I have spent almost nine years living in the Czech Republic and Germany and remember those years as one of the best periods in my life. I owe special gratitude to my former colleagues at the Prague office of the University Studies Abroad Consortium (USAC), who gave me the chance to work with them despite having almost no knowledge of the Czech language. This was learning by doing, while my colleagues and friends had the harder task of communicating with me in Czech with the patience required to listen to a beginner. After a year I was fluent in Czech and I am still able to use it as a working language. During my five years in Prague, I also had the opportunity to exchange thoughts with visiting students and professors from the United States and share with them the culture, history, and lifestyle of Central and Eastern Europe. We gave lectures about history, art, politics, literature, and music, and went on hikes and study tours in the Czech Republic, Slovakia, Austria, Hungary, and Germany. I added my own life experience in these locations to our students’ learning and both the students and their professors greatly appreciated such an attitude of openness and support for international studies. This was my greatest and most rewarding experience so far, which demonstrated to me the importance of having an international dimension within university education.
Catholic Universities have a unique opportunity and a network that they can utilize to foster student and academic exchange. The oldest and most widespread universal organization on earth — the Catholic Church — stands behind them. In recent times, the globalizing world with all its challenges also brought opportunities: travel and living abroad, visiting partners, and keeping in touch are all easier to do in the 21st century. This, however, is a very recent development compared to the long history of our Church. One might have the impression that the members of this institution spent most of their lives serving their parish and community, focusing on a limited number of people and within a small location, living parallel lives to others around the world, divided by the cultural, political, and geographical frontiers. To some extent this has been true: most of the priests we know in our region have been serving in one country, and a few exceptions have had the opportunity to take the path of the Apostles and visited or even served different communities around the world. I am lucky to be a member of the German Catholic Community in Hungary and to have a parish priest from Austria. In October 2022, we celebrated the Holy Mass of the Nations in Budapest. It was a truly overwhelming ceremony where one could feel that a truly universal community of believers was brought together. We left the ceremony with a strengthened faith seeing how many we are in this world, a big, real family. If we utilize this network, involve more individuals from the national churches, and bring together priests, community servants, and members we could reach a much better understanding of our differences while discovering our similarities.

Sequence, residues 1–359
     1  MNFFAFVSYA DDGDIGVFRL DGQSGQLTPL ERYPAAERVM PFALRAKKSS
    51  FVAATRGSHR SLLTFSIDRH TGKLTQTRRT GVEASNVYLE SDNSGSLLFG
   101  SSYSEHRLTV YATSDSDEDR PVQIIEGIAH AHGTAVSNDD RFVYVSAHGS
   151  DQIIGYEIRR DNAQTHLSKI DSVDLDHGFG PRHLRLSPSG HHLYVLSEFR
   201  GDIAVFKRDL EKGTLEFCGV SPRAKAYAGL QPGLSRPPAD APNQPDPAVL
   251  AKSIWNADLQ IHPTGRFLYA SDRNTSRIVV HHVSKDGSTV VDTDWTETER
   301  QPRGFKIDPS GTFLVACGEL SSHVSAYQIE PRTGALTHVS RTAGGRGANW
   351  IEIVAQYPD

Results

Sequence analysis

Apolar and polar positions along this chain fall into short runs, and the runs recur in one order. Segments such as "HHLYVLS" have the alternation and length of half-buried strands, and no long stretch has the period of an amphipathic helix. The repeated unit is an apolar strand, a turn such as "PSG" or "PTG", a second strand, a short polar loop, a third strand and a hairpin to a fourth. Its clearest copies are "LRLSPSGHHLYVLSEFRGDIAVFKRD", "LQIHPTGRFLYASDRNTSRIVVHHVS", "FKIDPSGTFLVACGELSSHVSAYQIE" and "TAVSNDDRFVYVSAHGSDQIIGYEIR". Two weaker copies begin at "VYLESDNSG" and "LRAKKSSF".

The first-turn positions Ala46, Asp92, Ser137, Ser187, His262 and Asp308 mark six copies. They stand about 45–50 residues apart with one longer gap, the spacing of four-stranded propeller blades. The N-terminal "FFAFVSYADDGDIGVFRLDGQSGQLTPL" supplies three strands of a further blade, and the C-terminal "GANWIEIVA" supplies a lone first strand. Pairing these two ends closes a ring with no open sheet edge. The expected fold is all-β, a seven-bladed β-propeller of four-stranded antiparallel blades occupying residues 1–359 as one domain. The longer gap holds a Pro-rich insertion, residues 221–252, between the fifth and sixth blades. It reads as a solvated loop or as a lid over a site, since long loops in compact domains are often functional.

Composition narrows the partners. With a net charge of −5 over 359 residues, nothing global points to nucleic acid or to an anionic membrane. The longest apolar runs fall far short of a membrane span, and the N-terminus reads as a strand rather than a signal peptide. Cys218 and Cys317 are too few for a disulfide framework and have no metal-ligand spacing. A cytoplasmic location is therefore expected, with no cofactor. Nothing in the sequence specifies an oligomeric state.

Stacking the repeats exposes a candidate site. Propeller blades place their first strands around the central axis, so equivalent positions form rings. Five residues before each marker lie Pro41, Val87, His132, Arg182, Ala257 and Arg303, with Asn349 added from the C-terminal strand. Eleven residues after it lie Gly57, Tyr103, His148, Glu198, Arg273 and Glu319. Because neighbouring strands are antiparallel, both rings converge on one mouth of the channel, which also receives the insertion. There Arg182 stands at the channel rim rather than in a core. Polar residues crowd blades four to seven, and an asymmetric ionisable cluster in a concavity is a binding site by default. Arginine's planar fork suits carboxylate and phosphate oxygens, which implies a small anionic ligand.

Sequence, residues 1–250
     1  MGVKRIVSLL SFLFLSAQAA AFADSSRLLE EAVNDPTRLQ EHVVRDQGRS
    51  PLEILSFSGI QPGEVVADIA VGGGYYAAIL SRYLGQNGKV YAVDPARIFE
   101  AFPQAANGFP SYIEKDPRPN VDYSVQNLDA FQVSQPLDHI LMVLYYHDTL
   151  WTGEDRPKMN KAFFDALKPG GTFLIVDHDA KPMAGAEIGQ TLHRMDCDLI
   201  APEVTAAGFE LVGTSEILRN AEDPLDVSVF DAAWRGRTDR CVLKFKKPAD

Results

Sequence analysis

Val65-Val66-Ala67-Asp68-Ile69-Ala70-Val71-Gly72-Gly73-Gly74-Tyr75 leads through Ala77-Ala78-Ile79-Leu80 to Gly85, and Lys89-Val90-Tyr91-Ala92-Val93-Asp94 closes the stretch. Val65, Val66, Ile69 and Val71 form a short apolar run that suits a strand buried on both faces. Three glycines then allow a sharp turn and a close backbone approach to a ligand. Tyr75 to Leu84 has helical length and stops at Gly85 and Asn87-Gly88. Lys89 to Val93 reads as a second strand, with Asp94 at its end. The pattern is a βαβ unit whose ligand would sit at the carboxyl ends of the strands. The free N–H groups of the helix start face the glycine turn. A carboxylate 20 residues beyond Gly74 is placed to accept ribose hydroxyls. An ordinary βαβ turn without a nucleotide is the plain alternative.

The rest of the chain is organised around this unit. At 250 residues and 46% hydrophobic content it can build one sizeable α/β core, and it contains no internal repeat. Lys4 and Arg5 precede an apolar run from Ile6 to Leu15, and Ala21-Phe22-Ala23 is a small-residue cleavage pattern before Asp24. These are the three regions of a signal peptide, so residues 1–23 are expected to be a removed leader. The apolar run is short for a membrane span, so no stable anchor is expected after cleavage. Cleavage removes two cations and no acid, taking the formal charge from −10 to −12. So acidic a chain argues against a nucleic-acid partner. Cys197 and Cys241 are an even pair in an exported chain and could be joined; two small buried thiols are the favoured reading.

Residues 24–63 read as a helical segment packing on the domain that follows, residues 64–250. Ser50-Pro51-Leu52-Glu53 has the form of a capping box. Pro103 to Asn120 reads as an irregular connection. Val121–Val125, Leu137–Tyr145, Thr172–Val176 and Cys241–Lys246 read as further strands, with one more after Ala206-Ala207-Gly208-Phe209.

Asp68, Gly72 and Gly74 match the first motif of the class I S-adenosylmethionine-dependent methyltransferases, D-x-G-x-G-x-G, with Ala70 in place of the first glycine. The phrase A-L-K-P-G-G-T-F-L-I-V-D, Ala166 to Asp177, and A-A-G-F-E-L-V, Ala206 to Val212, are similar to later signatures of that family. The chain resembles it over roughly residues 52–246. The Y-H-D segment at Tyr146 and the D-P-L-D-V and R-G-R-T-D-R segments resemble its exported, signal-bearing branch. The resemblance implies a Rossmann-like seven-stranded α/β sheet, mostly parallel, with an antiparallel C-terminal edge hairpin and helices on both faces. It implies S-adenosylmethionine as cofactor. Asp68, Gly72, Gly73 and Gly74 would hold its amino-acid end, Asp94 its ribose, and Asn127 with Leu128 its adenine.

I have often met people who were reluctant to open their perspectives to foreign relations, and I have consistently looked for incentives and examples to change their points of view. The Advanced Leadership Program helped me in this endeavor by bringing together Catholic people from all around the globe, giving us the chance to exchange thoughts, views, and strategies designed to improve and protect our common future. Although the journey that will take us to closer cooperation and a better understanding of each other is still a long one, we can look to historic examples: the Lord creating his Church beyond regions and countries, Papal tours, and the constantly growing network of Catholic partnerships such as that facilitated by the Nanovic Institute and the University of Notre Dame. These examples give me confidence that these are the right ways to pursue relationships extending beyond the frontiers of one country or continent. A safe landing is promised, and, having experienced it already, I firmly believe that it lies ahead.